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TSA tells shippers to prepare for peak season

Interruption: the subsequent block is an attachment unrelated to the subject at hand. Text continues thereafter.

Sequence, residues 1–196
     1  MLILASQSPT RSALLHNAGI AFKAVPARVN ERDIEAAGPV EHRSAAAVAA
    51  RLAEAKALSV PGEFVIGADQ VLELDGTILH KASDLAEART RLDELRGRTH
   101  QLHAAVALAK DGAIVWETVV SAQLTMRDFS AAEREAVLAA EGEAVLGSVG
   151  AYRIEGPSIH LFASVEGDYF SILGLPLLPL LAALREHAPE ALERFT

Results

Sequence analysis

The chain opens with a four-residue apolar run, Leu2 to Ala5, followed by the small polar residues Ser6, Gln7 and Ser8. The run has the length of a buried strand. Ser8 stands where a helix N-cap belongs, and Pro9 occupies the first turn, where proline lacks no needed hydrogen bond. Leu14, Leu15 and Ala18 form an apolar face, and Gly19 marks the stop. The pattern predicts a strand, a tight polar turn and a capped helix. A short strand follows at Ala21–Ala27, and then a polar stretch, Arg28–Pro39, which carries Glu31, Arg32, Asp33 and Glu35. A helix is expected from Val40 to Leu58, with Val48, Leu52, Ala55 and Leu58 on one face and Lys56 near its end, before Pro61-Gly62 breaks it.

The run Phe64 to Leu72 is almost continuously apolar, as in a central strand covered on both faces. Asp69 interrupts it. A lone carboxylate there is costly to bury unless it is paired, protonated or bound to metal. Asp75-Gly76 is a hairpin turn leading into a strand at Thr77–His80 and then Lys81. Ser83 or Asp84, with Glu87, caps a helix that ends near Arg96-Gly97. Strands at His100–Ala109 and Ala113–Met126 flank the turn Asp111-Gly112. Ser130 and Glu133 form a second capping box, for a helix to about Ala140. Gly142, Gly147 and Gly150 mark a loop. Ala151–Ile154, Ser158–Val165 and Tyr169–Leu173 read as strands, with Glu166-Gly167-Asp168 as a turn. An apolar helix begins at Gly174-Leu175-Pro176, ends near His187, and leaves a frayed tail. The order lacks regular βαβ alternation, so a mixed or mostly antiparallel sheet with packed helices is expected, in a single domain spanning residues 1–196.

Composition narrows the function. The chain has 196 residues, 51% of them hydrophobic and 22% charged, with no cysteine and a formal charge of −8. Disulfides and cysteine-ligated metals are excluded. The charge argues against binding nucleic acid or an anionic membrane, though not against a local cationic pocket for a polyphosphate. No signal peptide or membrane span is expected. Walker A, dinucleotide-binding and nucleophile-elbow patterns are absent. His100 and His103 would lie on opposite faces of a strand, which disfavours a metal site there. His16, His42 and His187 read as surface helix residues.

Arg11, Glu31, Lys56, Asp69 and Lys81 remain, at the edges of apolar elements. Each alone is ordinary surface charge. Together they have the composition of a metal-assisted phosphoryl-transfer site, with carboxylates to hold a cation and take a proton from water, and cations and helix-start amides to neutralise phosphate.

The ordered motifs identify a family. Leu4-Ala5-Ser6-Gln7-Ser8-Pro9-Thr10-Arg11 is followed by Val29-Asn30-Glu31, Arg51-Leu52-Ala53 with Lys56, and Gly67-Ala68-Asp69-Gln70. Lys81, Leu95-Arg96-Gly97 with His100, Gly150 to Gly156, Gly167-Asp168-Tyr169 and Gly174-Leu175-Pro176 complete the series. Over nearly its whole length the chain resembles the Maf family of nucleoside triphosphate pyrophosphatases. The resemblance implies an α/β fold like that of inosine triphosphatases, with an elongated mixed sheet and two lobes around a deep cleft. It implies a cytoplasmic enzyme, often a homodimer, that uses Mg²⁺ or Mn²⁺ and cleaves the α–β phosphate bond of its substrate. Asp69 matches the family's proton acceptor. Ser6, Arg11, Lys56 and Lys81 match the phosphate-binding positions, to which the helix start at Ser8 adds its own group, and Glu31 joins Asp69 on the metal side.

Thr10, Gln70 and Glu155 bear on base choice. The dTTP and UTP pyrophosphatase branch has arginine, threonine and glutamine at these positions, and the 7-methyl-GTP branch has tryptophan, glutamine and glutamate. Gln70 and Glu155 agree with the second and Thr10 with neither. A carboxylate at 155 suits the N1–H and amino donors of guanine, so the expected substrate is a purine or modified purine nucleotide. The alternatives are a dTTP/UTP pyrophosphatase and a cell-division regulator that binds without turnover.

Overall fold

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Planning is essential as double-digit container growth continues and infrastructure capacity remains limited in the run up to the peak season, the Transpacific Stabilization Agreement (TSA) warned transpacific shippers Wednesday. "We've seen gradual improvements in cargo and equipment throughput at West Coast ports and along key east/west rail routes, but the first quarter included three week-long holidays in Asia where factories are closed, enabling the supply chain network at this end to catch up," said TSA executive director Albert A. Pierce. "Now the cargo is moving steadily, lines are reporting 90 percent utilization or better, and the infrastructure will really be tested as we head into summer." The TSA said its carrier members have all finalized their 2005-2006 service contract negotiations with customers shipping goods from Asia to the United States. The TSA warned that while rate increases achieved in those contracts, plus a $400-per-40-foot container peak season surcharge, would help meet service and schedule commitments during the June-November peak period, additional cost pressures continue. "Long-term solutions to infrastructure gridlock -- Mexican or Gulf Coast port development, deepwater berths, Panama Canal widening, 24-hour U.S. port terminals -- are still years away, and current Pacific Northwest and Panama options are reaching their limits in terms of congestion, vessel size, delays and increased costs," the TSA said in a statement. "There is no substitute for planning and communication among supply chain parties to get through the difficult period ahead," Pierce said.

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